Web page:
We lost our sense of normalcy in recent years, didn’t we? Nearly every morning of his presidency, Donald J. Trump treated us to one outlandish tweet after another, one more extreme, more incendiary, than the next, until finally that routine became our new normal.
We were conditioned, as if in a Pavlovian experiment, to jeer or cheer, depending on party affiliation, when his tweets appeared in big, bold letters on the TV news, usually first thing in the morning. So we began each day feeling angry and despondent, or elated and victorious, depending on whether we disagreed or agreed with the president’s rhetoric.
I, like so many others, felt fear in my heart when the U.S. appeared on the brink of nuclear war with North Korea. I felt helpless rage when babies, many the children of narco-violence refugees, were ripped from their parents’ arms and separated and caged in sterile detention facilities. I felt numb last summer when the president sent federal forces to disperse peaceful Black Lives Matter protesters near the White House with tear gas and rubber bullets so he could stage a photo op, holding up a Bible, then simply walking away.
And I felt mournful and depressed — and, again, helpless — as I watched him mock basic hygiene measures to prevent the spread of the coronavirus, and convene mass rallies to boost his already hyper-inflated ego, while hundreds of thousands of Americans died and the economy tanked.
Since he first announced his candidacy for president in June 2015, it has been all Trump all the time.
The circus should have ended Nov. 3, the day Joe Biden was elected our 46th president with the largest popular vote in the nation’s history — more than 81 million ballots cast for him. It didn’t, however. Trump sought, by any means necessary, to overturn an election that, by all official accounts except his, was an efficient and lawful exercise in democracy.
Many had predicted that violence would erupt. When you condition a dog to maul, it will when called on to do so. On Jan. 6, the mob of Trump supporters, conditioned by the president’s continual tweeting and provoked by his now infamous “fight like hell” speech, attacked, unleashing collective fury on a Congress that had gathered to count the Electoral College votes and once and for all certify the results of the election.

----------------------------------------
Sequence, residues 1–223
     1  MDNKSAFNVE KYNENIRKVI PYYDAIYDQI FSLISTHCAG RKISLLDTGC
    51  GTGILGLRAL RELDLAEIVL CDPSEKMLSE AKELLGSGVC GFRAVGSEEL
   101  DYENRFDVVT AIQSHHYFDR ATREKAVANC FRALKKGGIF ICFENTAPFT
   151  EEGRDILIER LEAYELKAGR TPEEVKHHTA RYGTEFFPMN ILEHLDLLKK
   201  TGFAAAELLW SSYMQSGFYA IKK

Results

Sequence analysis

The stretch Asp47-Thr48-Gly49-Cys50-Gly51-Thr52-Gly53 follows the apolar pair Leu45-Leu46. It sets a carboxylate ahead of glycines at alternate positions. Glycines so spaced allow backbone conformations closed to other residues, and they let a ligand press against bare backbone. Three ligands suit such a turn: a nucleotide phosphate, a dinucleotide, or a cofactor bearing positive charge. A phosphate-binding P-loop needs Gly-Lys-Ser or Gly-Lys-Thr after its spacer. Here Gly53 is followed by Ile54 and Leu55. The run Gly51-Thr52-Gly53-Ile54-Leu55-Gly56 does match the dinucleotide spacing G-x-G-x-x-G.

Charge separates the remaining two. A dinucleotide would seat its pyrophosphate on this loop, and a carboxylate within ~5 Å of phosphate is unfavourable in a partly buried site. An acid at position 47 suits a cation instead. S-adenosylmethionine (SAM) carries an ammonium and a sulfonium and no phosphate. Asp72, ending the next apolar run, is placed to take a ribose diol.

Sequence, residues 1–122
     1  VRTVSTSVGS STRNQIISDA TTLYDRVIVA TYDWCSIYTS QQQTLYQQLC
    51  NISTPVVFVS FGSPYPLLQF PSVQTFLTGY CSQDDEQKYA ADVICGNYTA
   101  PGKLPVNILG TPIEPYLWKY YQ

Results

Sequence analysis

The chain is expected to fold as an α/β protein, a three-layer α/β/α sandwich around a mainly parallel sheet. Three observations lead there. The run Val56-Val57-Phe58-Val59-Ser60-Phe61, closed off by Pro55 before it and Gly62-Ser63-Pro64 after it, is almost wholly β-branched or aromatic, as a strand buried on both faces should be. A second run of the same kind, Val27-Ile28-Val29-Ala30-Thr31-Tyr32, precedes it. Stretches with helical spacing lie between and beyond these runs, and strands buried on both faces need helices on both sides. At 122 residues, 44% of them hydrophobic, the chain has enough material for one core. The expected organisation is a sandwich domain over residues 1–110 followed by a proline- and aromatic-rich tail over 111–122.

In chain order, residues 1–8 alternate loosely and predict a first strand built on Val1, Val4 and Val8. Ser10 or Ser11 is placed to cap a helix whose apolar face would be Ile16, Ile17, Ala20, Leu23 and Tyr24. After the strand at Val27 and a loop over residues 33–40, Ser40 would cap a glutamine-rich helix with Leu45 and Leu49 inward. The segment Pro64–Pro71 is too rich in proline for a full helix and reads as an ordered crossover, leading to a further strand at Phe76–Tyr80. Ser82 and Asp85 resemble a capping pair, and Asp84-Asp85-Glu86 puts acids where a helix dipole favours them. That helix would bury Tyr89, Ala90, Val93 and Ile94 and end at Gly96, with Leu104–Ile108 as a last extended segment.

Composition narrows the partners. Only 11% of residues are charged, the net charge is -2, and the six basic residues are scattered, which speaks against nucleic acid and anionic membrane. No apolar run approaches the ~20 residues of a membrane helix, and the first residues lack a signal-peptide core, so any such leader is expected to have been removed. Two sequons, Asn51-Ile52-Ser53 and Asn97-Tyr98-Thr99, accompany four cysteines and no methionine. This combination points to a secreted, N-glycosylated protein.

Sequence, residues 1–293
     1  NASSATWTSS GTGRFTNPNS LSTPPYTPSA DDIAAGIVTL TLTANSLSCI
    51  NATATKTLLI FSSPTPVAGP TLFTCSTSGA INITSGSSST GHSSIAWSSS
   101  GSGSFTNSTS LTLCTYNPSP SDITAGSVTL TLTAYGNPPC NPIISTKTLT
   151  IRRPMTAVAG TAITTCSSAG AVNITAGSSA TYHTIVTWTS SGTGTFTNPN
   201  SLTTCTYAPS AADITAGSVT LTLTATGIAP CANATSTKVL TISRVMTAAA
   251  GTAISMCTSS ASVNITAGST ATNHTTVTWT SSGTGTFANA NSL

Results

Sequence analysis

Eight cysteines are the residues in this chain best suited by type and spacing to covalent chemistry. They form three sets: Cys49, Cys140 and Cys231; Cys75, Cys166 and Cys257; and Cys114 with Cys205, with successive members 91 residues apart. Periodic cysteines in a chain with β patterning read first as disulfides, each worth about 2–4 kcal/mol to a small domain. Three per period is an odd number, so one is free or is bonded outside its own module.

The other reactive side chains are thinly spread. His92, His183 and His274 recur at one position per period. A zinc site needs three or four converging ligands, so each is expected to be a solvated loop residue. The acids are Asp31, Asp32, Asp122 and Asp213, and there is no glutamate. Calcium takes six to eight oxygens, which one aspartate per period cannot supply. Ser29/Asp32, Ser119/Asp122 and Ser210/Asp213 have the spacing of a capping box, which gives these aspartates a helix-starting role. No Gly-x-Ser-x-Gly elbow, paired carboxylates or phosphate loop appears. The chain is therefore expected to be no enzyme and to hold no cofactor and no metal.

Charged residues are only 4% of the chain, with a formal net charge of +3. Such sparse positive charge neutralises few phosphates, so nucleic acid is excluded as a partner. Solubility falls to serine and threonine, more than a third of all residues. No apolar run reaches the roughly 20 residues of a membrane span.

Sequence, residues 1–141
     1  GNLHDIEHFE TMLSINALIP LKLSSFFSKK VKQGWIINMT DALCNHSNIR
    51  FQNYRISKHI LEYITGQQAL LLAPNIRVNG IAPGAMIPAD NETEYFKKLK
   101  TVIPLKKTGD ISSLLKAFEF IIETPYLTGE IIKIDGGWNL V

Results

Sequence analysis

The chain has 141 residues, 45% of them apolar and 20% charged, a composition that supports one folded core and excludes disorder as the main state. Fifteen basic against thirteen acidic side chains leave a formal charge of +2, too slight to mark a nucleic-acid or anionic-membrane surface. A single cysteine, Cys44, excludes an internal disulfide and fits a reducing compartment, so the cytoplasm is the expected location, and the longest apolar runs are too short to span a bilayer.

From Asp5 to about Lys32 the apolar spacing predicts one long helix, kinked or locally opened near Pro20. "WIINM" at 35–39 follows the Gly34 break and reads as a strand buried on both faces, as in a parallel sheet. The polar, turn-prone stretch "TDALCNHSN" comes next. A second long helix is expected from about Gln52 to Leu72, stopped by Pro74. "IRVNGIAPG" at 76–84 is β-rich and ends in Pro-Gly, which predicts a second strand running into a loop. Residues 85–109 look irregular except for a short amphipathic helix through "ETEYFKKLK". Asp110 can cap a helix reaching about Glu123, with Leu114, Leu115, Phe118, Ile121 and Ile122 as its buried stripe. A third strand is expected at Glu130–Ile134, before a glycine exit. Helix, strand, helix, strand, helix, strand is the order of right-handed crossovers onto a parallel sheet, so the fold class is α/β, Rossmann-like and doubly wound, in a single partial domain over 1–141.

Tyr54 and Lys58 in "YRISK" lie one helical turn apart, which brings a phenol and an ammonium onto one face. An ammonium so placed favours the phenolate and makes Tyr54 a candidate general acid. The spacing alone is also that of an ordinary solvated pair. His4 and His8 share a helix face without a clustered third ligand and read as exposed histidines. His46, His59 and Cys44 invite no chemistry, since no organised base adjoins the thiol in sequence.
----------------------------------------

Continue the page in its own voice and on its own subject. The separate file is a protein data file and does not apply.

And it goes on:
And so, last week, when we should have been focused on Covid-19 vaccine distribution and economic stimulus, Trump was once again front and center in the national consciousness. None of us were happy about it. His detractors felt deep loathing. His supporters, I imagine, were riled up, angrier than ever to see him tried in the Senate for the second time.
For those who oppose Trump, the impeachment trial was a necessary exercise in futility, knowing there likely wouldn’t be 17 Republican senators courageous enough to vote to convict him, but believing he should at least be shamed publicly for his role in the Capitol insurrection. For those who love Trump, meanwhile, the trial was yet another occasion to revel in his seeming invulnerability, no matter what he might have done.
The question is, how do we recover from the past five years of uninterrupted political turmoil, and now very real death and destruction? How do we find peace again?
I, for one, desperately want to feel normal again. I hate feeling angry and depressed. I need to start enjoying my life once more, without a sense of impending doom. I want to wake up feeling free — free of Trump and the angry mob of Jan. 6. We must end the coronavirus pandemic for any of us to feel entirely free again, but resolving our political differences would go a long way toward restoring our sense of normalcy.
Personally, I want what we had in America long ago, before House Speaker Newt Gingrich and Fox News declared war on our political establishment in the 1990s, leading us down a slippery slope that, over time, sent us hurtling into the Trump presidency, which ended, predictably, with Capitol rioting.
I want what I had as a teenager and young 20-something back in the 1980s and early ’90s — the ability to debate critical issues — abortion, environmental regulation, monetary policy — with friends and acquaintances, of all political stripes, and then hang out over pizza and a game of basketball.
Politics played an important role in people’s lives back then, but it wasn’t the center of our universe. Trump, as the nation’s first shock-jock president, forced his firebrand politics into the very core of our being. His presidency became our national psychosis.
Setting politics aside, what I love about Biden thus far is this: He doesn’t need to be the center of our collective attention at all times. Day by day, he is quietly leading, offering straight talk, and perhaps — perhaps — that is how we recover from the recent years of fear and rage: four years of honesty and compassion.
Let the healing begin.
Scott Brinton is the Herald Community Newspapers’ executive editor and an adjunct professor at the Hofstra University Herbert School of Communication. Comments about this column? SBrinton@liherald.com.